Women with thick thighs and big buttocks, according to a new study, may be carrying more than simply extra weight, but also extra protection against diabetes, heart disease and other conditions associated with obesity. It seems that for some genetically blessed individuals, losing weight may not be as important.
Scientists from the University of Oxford have discovered that women with larger than average butts are not only increasingly intelligent, but also very resistant to chronic illnesses.
According to the International Journal of Obesity, the lower body (thigh and backside) has a natural protective role.
According to Professor Konstantinos Manolopoulos, who leads the team at the University of Oxford Centre for Diabetes, Endocrinology, and Metabolism having a ‘pear shape’ is not just less bad for you than an ‘apple shape’, but actively protects against diabetes and heart disease.
Results from the study found that women with bigger backsides tend to have lower levels of cholesterol and are more likely to produce hormones to metabolize sugar. Therefore, women with big butts are less likely to have diabetes or heart problems.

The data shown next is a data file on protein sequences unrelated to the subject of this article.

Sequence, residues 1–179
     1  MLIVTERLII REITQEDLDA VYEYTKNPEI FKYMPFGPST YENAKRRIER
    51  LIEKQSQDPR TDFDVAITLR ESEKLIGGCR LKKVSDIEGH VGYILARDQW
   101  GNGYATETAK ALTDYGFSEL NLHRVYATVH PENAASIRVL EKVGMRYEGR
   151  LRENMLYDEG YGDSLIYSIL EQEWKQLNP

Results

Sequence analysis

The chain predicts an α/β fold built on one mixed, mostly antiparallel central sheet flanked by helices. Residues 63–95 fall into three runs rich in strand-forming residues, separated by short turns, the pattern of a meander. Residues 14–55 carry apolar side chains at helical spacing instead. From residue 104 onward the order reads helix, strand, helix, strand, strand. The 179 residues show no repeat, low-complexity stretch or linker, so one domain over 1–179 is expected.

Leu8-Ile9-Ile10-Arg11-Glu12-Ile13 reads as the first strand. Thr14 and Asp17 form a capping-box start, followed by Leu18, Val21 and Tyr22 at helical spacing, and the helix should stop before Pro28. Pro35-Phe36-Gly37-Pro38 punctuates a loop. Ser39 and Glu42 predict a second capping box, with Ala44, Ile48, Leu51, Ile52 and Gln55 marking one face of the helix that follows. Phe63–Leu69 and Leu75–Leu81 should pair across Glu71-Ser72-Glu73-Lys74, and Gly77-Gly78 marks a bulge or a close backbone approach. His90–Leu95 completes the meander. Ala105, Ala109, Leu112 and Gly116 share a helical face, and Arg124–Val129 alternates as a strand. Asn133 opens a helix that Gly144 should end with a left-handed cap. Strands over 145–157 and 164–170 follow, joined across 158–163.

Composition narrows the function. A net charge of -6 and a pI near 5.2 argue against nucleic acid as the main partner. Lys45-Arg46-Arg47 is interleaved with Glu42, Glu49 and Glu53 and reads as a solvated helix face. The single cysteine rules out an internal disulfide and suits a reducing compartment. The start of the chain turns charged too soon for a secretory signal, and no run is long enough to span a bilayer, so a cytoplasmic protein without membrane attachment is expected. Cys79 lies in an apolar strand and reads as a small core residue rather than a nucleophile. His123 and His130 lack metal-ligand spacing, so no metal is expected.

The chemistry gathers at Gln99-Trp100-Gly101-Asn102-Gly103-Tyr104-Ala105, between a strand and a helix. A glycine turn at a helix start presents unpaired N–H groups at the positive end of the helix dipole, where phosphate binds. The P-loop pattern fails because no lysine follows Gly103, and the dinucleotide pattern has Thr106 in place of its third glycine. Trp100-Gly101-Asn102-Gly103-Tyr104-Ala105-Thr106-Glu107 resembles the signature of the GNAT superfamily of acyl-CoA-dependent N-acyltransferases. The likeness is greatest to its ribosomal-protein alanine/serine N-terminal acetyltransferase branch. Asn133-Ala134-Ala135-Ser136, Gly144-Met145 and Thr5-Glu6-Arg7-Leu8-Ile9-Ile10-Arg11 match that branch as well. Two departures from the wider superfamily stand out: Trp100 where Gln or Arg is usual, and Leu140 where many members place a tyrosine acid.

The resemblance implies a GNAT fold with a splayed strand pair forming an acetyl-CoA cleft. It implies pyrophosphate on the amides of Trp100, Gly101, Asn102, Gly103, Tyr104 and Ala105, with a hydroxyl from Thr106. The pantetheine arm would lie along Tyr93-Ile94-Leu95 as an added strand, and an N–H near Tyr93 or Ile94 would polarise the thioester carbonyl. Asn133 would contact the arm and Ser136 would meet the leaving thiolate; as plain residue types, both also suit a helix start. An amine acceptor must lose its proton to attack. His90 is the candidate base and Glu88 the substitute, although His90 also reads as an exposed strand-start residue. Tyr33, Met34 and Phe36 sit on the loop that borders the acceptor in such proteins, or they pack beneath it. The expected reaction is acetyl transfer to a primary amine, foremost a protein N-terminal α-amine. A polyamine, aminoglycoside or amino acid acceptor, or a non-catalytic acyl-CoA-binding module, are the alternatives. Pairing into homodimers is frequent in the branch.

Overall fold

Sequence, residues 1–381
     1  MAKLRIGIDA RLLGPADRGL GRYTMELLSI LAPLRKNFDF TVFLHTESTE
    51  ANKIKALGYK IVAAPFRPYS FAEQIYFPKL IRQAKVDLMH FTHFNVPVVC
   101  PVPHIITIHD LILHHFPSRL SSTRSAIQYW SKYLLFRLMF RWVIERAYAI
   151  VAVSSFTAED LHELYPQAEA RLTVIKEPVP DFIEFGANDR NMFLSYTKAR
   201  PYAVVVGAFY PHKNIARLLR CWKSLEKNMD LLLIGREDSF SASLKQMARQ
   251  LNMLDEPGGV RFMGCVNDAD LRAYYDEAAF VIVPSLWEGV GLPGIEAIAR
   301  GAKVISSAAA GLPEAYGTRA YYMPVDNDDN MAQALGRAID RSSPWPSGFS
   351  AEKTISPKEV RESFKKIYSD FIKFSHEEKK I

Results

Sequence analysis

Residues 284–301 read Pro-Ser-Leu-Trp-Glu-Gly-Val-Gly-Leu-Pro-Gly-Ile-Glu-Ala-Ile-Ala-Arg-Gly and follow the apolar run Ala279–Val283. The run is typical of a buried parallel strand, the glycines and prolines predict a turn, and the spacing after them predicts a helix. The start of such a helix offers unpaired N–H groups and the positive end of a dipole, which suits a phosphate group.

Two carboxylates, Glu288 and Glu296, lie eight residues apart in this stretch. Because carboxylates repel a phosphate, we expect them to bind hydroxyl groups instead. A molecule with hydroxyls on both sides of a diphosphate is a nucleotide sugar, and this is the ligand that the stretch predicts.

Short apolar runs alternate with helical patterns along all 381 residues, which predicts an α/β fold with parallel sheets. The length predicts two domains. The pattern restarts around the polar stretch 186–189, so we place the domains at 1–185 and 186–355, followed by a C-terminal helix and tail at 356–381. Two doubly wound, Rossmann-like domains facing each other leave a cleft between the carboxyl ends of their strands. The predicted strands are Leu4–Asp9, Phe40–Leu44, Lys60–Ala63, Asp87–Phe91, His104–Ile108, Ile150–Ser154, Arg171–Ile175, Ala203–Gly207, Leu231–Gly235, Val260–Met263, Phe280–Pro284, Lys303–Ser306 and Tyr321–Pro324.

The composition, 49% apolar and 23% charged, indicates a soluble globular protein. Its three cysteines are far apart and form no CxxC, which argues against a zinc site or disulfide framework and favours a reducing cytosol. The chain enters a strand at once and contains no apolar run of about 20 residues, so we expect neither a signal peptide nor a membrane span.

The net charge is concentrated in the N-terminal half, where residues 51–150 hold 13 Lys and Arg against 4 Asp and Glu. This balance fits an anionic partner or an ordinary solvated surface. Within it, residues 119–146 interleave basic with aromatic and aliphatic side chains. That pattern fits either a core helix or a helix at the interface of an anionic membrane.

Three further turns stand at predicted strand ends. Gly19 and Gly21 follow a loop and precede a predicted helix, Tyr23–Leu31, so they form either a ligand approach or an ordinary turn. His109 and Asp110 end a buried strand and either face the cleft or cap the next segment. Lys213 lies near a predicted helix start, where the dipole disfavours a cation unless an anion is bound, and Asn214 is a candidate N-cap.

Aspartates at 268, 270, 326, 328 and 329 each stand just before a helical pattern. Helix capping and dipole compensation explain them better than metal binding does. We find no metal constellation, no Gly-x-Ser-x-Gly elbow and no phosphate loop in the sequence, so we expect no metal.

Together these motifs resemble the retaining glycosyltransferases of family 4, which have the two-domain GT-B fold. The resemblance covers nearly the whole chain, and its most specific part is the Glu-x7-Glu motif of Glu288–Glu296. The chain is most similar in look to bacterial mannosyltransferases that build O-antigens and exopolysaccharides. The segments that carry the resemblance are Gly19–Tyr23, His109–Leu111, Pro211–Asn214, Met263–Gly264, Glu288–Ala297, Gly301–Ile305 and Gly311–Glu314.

Having a big butt requires an excess of Omega 3 fats, which have been proven to catalyze brain development. The researchers also found that the children born to women with wider hips are intellectually superior to the children of slimmer, less curvy mothers.
‘This protective effect is independent of weight. However, if you put on weight, thigh circumference will increase but your waist circumference will also increase, which over-rides the protective effect.’
However not all fat is healthy. For example, fat stored in the stomach is harmful because it sends fatty contents throughout the body, whereas fat in the lower body tends to be more stable.
‘Control of body weight is still the best way to stay healthy, and the advice remains the same: it is important to eat less and exercise more,’ cautions Professor Konstantinos Manolopoulos.